7. Scientific studies have shown that vitamin C increases cold resistance. Since most common infectious diseases such as influenza or rhinitis are are caused also due to cold, this finding is a good incentive for citrus fruit consumption.

  

Vitamin C performs many functions in the body

 

8. Vitamin C helps prevent nitrosoamines that are formed from nitrates in the acid environment of gastric juices. Nitrosoamines can contribute to the development of colon and rectal cancer. [2]

 

9. Vitamin C intake delays atrosclerosis and accumulation of cholesterol in blood vessels.

 

10. It decreases the frequency of seizures in people suffering from asthma.

 

11. Prevents gastric mucosal metaplasia and subsequent cancer-causing effects [6]

 

Risk groups with low vitamin C intake

Insufficient intake of vitamin C can be considered to be one that does not meet the recommended daily dose, i.e. 10 mg. Vitamin C taken below the recommended threshold may cause a disease called Moeller-Barlow syndrome in young children, and in older children and adults it is called Scurvy.


If the intake of vitamin C falls below the minimum level of 10 mg / day, the disease will occur in every person after several months.  [2]


 

Smokers and passive smokers

According to scientific studies, smokers have lower plasma, white blood cell and vitamin C levels than non-smokers. This implies that their daily intake of vitamin C should be increased by 35 mg. Decreased levels of the "C" also manifest themselves in people who are involuntarily and regularly exposed to cigarette smoke. [4]

   

Risk groups with low vitamin C intake

  

Infants fed with boiled milk

In developed countries, most infants are fed with breast milk or infant formula known as infant milk. In both feeding cases, the baby is given sufficient amount of vitamin C. However, some parents prefer to replace breast milk with cow's milk. However, in cow's milk, vitamin C is present in small quantities and is reduced even further by boiling.  [7]

 

People with limited food intake

These may be elderly people who, due to higher age, are unable to prepare food with sufficient amount of vitamin C, mentally ill people or individuals addicted to alcohol or drugs. Since this group of people is most likely to lack a number of other vitamins in addition to vitamin C, their health may be endangered by scurvy, but also by many other diseases. [8]

 

Individuals with malabsorption and chronic diseases

Some diseases can reduce vitamin C intake absorbed by the body. These are people suffering from intestinal malabsorption, which limits the absorption of important substances from food; cachexia resulting from prolonged nutritional deficiency. People suffering from cancer or advanced kidney disease may also be at risk of vitamin C deficiency. [9] [10]

 

Vitamin C overdose. Is it even possible?

Vitamin C has a low toxicity and no major cases of damage to the body caused by this vitamin are known. The issues resulting from overdose include: diarrhea, nausea, convulsions and abdominal pain. [8] There are several studies with an unclear conclusion that suggest that excessive use of vitamin C can produce kidney stones, in extreme cases even kidney failure. Other studies have suggested that large doses of vitamin C may mask liver damage and cause headaches, insomnia and stomach irritation. However, the amount of vitamin C, which is not extremely higher than the recommended daily dose, is excluded by the body itself in the form of urine. [2] [11]

    

Vitamin C overdose. Is it even possible?

   

Natural vs. artificial vitamin C

On the Internet, one can find a few articles that question the effects of 'artificial' vitamin C, which is allegedly inferior to the natural, not so effective, less healthy or even harmful to health. To get to the original sources, where we could learn more about these findings, is in most cases just as impossible as losing 10 kilograms in 7 days. When comparing natural and artificial vitamin C, both are L-ascorbic acid molecules. Vitamin C taken as tablets or powder is the same as vitamin C in fruits or vegetables. The difference is that natural L-ascorbic acid is found in fruit and vegetables complexed with other substances and vitamins. [12]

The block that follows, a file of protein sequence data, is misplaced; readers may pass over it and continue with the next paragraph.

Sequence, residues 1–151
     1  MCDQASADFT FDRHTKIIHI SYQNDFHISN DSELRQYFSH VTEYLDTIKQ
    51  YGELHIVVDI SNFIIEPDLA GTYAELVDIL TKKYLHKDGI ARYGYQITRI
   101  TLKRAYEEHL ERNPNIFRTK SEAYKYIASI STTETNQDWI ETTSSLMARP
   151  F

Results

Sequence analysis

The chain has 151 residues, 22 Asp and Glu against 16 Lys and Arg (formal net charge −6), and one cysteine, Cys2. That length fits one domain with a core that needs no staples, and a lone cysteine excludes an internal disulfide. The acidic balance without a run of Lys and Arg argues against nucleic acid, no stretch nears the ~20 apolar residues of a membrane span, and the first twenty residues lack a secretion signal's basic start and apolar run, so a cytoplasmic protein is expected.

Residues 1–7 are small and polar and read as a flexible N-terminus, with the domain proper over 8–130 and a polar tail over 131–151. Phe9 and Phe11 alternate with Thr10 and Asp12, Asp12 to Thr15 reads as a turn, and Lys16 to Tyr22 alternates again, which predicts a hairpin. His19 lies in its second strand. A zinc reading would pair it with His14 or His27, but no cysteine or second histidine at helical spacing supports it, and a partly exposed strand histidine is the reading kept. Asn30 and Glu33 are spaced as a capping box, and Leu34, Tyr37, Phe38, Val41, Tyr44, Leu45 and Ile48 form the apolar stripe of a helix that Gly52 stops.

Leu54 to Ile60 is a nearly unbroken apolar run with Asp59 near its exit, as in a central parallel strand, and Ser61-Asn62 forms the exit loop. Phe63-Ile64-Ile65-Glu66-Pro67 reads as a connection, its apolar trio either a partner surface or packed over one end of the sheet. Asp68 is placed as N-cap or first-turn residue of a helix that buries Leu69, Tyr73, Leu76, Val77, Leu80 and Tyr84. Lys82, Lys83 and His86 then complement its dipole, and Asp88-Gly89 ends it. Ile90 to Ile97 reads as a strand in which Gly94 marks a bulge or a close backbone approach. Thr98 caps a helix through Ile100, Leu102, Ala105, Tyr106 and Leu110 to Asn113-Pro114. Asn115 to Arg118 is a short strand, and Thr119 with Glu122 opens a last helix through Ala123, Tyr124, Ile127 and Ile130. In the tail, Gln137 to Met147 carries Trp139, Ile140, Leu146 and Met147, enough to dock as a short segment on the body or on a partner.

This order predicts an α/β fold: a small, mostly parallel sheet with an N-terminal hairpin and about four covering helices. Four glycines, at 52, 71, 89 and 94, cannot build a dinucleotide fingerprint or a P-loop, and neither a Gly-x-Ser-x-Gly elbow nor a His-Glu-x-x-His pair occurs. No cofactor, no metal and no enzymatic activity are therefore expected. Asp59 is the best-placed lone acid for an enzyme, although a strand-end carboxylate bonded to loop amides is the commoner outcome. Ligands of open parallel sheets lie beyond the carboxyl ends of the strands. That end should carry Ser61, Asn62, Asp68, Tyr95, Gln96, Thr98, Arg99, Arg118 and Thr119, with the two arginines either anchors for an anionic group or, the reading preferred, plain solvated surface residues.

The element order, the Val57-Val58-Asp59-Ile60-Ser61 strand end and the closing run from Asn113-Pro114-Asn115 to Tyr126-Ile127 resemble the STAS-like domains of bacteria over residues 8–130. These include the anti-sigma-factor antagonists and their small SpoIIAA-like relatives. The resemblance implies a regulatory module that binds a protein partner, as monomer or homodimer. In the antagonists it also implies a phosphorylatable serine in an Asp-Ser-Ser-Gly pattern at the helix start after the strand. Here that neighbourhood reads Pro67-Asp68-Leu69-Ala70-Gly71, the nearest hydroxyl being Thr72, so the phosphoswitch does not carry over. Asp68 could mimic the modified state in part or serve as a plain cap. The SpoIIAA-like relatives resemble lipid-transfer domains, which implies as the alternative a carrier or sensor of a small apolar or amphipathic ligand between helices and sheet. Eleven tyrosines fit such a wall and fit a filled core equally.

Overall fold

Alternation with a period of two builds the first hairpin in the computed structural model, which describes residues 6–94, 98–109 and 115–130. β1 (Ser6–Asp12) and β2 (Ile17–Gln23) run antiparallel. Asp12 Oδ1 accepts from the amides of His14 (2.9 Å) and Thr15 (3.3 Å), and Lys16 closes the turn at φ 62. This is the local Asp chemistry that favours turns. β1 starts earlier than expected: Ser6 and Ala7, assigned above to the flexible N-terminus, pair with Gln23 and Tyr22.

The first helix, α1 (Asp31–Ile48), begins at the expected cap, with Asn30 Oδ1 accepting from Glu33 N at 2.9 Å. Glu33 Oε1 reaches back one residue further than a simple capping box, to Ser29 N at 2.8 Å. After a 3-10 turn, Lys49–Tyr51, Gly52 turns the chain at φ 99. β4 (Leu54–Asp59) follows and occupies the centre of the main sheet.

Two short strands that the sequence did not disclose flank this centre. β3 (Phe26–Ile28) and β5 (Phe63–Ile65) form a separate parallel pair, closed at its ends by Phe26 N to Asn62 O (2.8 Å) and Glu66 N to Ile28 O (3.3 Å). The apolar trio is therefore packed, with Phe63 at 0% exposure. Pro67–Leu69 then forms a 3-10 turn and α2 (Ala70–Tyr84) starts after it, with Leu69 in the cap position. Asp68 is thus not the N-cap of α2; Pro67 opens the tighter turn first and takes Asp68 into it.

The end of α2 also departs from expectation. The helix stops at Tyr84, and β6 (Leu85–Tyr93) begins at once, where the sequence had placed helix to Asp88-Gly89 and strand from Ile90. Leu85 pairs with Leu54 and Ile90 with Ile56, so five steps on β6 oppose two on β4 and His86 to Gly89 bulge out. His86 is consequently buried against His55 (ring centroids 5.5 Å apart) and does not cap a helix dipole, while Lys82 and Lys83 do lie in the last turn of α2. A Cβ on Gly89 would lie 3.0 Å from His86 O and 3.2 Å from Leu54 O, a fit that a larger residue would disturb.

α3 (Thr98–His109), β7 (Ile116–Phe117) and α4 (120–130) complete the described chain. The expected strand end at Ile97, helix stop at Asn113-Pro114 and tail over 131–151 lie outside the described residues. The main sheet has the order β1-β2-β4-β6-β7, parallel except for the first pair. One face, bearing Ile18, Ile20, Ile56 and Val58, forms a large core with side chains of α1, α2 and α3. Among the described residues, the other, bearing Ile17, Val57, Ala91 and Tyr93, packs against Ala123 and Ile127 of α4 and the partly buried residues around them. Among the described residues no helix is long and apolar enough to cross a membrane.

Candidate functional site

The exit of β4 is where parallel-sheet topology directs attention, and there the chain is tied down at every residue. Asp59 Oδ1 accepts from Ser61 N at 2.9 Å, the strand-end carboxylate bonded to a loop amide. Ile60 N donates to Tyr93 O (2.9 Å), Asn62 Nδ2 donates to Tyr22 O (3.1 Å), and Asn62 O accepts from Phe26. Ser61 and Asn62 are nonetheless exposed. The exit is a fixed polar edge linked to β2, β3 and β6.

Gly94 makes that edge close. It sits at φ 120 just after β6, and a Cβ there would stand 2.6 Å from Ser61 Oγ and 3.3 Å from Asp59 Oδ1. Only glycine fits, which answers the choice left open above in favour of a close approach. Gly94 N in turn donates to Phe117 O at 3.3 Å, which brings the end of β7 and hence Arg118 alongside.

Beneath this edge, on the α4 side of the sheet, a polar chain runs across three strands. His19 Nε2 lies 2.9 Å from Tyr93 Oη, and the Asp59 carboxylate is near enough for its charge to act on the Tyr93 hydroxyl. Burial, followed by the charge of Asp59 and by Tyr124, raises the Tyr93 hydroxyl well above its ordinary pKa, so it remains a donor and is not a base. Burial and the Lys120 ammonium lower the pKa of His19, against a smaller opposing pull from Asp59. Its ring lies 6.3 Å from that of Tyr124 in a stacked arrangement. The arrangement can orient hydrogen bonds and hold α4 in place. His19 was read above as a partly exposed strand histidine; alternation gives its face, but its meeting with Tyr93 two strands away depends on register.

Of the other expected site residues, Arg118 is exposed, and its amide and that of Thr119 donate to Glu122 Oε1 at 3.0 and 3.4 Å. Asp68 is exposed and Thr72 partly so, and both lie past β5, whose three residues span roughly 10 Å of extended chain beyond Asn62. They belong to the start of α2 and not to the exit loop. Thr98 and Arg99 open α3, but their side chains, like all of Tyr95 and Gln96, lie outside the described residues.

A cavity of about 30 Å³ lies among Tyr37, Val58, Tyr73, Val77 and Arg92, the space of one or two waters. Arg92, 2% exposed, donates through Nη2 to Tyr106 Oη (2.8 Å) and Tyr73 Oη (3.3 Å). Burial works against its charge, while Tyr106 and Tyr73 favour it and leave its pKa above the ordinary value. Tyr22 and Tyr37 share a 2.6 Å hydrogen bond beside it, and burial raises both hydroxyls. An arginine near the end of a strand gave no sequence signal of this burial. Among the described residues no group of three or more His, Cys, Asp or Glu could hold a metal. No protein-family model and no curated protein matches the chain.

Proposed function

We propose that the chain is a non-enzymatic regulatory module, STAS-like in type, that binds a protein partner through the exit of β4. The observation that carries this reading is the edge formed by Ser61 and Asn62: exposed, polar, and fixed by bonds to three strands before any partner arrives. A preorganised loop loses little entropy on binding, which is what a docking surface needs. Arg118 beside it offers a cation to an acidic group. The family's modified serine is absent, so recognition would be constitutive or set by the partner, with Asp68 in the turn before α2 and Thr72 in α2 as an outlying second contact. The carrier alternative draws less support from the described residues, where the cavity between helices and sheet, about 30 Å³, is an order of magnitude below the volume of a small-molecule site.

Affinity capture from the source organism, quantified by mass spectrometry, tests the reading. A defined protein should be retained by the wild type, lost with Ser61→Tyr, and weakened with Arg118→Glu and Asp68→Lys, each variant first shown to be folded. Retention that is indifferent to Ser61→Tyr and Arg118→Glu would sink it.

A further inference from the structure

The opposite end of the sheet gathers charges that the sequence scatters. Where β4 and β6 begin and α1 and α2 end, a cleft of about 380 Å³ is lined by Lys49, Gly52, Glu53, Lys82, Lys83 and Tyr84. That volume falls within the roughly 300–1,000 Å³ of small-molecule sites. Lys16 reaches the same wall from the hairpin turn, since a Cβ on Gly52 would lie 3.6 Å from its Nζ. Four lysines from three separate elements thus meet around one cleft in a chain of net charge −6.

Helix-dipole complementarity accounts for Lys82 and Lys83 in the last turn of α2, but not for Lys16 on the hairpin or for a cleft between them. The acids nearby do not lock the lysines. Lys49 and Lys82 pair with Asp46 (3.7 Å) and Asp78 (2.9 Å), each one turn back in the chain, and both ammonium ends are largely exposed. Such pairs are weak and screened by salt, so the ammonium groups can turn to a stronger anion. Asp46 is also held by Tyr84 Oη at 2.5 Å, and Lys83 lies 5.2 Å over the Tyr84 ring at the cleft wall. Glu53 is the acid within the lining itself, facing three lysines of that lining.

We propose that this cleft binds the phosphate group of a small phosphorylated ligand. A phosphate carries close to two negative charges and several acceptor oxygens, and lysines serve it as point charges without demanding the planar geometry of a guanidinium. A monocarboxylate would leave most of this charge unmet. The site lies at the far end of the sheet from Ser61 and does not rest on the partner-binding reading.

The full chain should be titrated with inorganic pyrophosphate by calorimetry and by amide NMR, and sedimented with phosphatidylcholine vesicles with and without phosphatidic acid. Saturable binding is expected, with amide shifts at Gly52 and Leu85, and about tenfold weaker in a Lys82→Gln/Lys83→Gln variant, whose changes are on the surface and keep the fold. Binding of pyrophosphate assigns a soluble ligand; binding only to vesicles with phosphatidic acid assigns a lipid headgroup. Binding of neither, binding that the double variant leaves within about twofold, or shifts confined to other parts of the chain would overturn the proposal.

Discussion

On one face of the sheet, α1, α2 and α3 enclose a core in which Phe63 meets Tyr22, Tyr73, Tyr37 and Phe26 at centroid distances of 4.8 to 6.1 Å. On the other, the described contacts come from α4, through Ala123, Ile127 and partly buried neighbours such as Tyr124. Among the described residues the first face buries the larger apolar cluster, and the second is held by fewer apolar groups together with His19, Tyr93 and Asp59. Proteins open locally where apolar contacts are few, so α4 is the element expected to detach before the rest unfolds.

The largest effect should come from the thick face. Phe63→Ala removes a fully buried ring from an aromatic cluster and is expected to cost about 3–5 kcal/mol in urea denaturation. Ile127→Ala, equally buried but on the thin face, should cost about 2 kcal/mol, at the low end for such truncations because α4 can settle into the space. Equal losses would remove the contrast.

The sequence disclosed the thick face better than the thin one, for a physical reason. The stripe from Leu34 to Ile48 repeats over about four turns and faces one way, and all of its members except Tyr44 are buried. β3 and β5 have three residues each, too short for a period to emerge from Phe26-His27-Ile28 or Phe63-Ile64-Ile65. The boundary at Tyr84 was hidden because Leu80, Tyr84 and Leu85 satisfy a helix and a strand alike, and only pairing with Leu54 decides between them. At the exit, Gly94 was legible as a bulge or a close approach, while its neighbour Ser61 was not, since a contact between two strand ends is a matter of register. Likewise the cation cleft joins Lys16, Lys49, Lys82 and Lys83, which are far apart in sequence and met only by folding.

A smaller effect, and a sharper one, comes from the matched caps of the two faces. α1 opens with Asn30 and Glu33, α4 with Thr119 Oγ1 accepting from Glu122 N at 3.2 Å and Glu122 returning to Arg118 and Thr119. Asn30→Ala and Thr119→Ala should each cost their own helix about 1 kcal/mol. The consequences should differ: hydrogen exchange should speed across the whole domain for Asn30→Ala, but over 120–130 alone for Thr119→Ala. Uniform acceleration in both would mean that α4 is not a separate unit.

Through the diet, together with vitamin C we also receive bioflavonoids which support and multiply the effect of acid. However, the effects of bioflavonoids in the natural vitaminc C should not be taken as something that should decide not to use artificial vitamin C, since the observed differences in absorption of artificial and natural vitamin C were not very different. In addition, the natural sources of L-ascorbic acid are not the only ones containing the advantage of bioflavonoids, since there are many nutritional supplements containing them. [12] [13]

   

Vitamin C: everything you need to know about it until it's too late

  

In other articles, you can also encounter arguments that most vitamin C supplements are health threatening because genetically modified natural resources have been used to produce them. L-ascorbic acid is obtained from natural sources and, subsequently, in the process of producing nutritional supplements, purified from substances not required therein. In this way, all pollutants are eliminated from natural sources. [12]

 

Do you take enough vitamin C? Where do you get it from? Share your experience with this vitamin promoting overall health in the comments section. If you liked this article, support it by hitting the "share" button.

  

Resources:

[1] Sauberlich, HE. A history of Scurvy and Vitamin C. In Packer, L. and Fuchs, J, eds. Vitamin C in Health and Disease. New York: Marcel Decker Inc., 1997.

[2] Buchanec, J. Vitamín C – Čo o ňom (ne)vieme. Pediatrie pro praxi 1/2005, 2005. [online].http://www.solen.cz/pdfs/ped/2005/01/04.pdf

[3] Vestník Ministerstva zdravotníctva SR. Odporúčané výživové dávky pre obyvateľov SR, 9. Revízia, 2015. [online].http://www.uvzsr.sk/docs/info/hv/OVD_pre_SR_tabulky.pdf

[4] Institute of Medicine. Food and Nutrition Board. Dietary Reference Intakes for Vitamin C, Vitamin E, Selenium, and Carotenoids. Washington, DC: National Academy Press, 2000.

[5] World's Healthiest Foods. Vitamin C. [online] http://www.whfoods.com/genpage.php?tname=nutrient

[6] Weber P., Bendich A., Schalch W. Vitamin C and Human Health – A Review of Recent Data Relevant to Human Requirements. Internat. J. Vit. Nutr. Res.,1996.

[7] U.S. Department of Agriculture, Agricultural Research Service. USDA National Nutrient Database for Standard Reference, 2011. [online]http://www.ars.usda.gov/ba/bhnrc/ndl

[8] Jacob, RA, Sotoudeh, G. Vitamin C Function and is_active in Chronic Disease. Nutr Clin Care, 2002.

[9] Hoffman FA. Micronutrient Requirements of Cancer Patients. Cancer, 1985.

[10] Deicher, R., Hörl, WH. Vitamin C in Chronic Kidney Disease and Hemodialysis Patients. Kidney Blood Press Res, 2003.

[11] Rossoff, TS. Encyclopedia of Clinical Toxicology. The Parthenon Publishing Group. Boca Raton, London,, New York, Washington, 2002.

[12] Šoltés, Ján. Bádateľove bájky o vitamíne C. [online]. http://www.lovcisarlatanov.sk/badatelove-bajky-o-vitamine-c

[13] Carr, Anitra C., Vissers, Margreet C. M. Synthetic or Food-Derived Vitamin C – Are They Equally Bioavailable? Nutrients, 2013. [online]. http://www.ncbi.nlm.nih.gov/pmc/articles/PMC3847730/